Study aims

The UMOYA study aims to: (1) build a clinical, radiological, and biological sample repository to evaluate new emerging diagnostic tools and biomarkers for early TB diagnosis and treatment response in children; (2) investigate the short and long-term impact of pulmonary TB and other respiratory illnesses on lung health and QoL in these children.


Study setting and population

The drug-susceptible TB case notification rate in the Western Cape Province has been steadily declining since 2008, from 950/100.000 in 2008 to 600/100.000 population in 2017 [42, 43]. More recently, in 2019, over 1.4 million children under 5 years of age received TB symptom screening in facilities of the Western Cape province, of which 0.4% had TB symptoms (defined as the presence of one or more of TB symptoms as indicated in the screening tool [44]); compared to over 6.3 million children 5 years and older, of which 3.1% were symptomatic [45]. The estimated prevalence of HIV infection amongst children with bacteriologically-confirmed TB has declined due to effective prevention of mother to child transmission (PMTCT) programmes, 12.9% of children tested before the Coronavirus disease (COVID-19) era from prospective surveillance in Cape Town [46] and 8.6% during the COVID-19 pandemic [47]. Young children with presumed TB are mainly referred to hospitals for standard diagnostic investigations. In our setting, approximately 30% of children initiating TB treatment in hospital are culture positive [3, 11]. There are no standard guidelines on monitoring TB treatment response; standard of care mainly consists of clinical follow-up and monitoring for TB treatment completion with additional imaging and/or bacteriology as clinically indicated.

In the UMOYA study, children aged 0–13 years are recruited from Tygerberg Hospital (TBH) and Karl Bremer Hospital (KBH). The two participating hospitals serve as regional referral centres to the surrounding health sub-districts. TBH also serves as a tertiary level referral centre for complicated paediatric TB. Jointly, the estimated paediatric TB caseload is approximately 600 children per year [48]. The population consists mainly of mixed-race and black African inhabitants with a large proportion living in poverty [49], over-crowded living conditions and informal housing.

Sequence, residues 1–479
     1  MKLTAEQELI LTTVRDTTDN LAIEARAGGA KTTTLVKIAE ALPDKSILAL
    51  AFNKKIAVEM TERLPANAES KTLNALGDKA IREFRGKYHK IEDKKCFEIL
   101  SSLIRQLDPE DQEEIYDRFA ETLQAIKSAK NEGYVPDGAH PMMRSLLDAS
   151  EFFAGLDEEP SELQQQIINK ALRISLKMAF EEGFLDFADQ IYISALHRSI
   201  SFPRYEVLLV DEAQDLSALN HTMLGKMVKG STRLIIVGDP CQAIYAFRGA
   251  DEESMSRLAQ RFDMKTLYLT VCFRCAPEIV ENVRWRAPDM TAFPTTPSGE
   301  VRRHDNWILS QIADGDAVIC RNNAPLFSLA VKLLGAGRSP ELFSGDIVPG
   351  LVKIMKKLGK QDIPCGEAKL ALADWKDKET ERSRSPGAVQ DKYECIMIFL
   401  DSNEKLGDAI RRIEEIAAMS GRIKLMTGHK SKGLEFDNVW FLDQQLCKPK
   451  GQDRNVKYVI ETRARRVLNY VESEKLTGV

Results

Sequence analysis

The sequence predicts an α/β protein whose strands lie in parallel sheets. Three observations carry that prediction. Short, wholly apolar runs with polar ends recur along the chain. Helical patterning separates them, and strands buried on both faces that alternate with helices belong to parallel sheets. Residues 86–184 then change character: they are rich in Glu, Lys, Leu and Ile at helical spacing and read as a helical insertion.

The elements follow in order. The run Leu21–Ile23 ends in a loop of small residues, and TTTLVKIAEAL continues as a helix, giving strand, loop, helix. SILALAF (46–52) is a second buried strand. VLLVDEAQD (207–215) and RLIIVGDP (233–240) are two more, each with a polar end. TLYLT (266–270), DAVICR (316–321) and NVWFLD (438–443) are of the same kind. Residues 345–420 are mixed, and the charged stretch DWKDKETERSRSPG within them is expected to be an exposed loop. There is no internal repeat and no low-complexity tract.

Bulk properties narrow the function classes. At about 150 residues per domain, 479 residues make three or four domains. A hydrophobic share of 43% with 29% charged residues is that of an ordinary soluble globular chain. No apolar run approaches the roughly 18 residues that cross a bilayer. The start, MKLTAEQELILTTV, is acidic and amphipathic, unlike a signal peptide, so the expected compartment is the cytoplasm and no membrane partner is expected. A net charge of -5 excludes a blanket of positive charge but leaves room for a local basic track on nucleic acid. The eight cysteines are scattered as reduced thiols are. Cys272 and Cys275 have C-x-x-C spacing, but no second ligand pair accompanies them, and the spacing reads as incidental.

Study design and timelines

UMOYA is an ongoing prospective observational cohort study of children presenting with presumptive pulmonary TB. Study participants are eligible if they meet the inclusion criteria and none of the exclusion criteria, as summarised in Table 1. Recruitment started in November 2017 and is expected to continue until May 2023. We will recruit up to 600 children with presumptive pulmonary TB and 100 healthy controls. Healthy controls are siblings or child household members without any signs or symptoms of pulmonary TB. At enrolment, a minimum of two respiratory samples (gastric aspirate (GA), expectorated (ES) or induced sputum (IS)) are sent to Tygerberg Hospital's nationally accredited TB laboratory (National Health Laboratory Service, NHLS) for TB microbiology testing. The attending clinician decides on whether the child receives TB treatment (TB case) or not (symptomatic control), based on the available investigation results. TB treatment is given within clinical care services according to National TB programme guidelines. In addition, minimally invasive samples are collected for storage and future analysis, and NPAs are stored for analysis of viral respiratory co-infections.

Table 1 Inclusion and exclusion criteria for study enrolment

Children are followed up intensely for 6 months, with visits at baseline and at 2, 8, 16 and 24 weeks after enrolment. This intensive follow-up period allows for careful clinical evaluation of these children, for the collection of additional samples and for the retrospective classification using international consensus clinical case definitions for TB (Fig. 1) [50]. Long-term follow-up is done in all children 6 monthly up to 4 years after recruitment to establish a cohort of children with pulmonary TB and other respiratory illnesses and to investigate the long-term impact of these respiratory events on lung health in childhood.

Fig. 1
figure 1

Flow diagram of study participants. Flow diagram of children enrolled in the study and followed for 4 years. *Children initially enrolled as symptomatic control are clinically checked throughout the study and if there is a clinical suspicion of tuberculosis can move to the TB cases group. TB: Tuberculosis; QoL: Quality of life

Expected outcomes

The primary outcome of this study is to build a state-of-the-art clinical, radiological, and biological sample repository for future studies to explore new emerging diagnostic tools and biomarkers for early diagnosis and treatment response and long-term outcomes of pulmonary TB in children. The secondary outcome is to better understand the long-term consequences of pulmonary TB and other respiratory illnesses on lung health in children. We will estimate the risk of PTLD, characterize the spectrum of PTLD, and identify children at risk for poor lung health outcomes after TB treatment. We will evaluate clinical, radiological, functional and QoL measures of lung health in well-defined children with pulmonary TB, in symptomatic controls, and healthy controls. Finally, we will characterize lung function trajectories in these different groups of interest (TB cases, symptomatic controls, and healthy controls).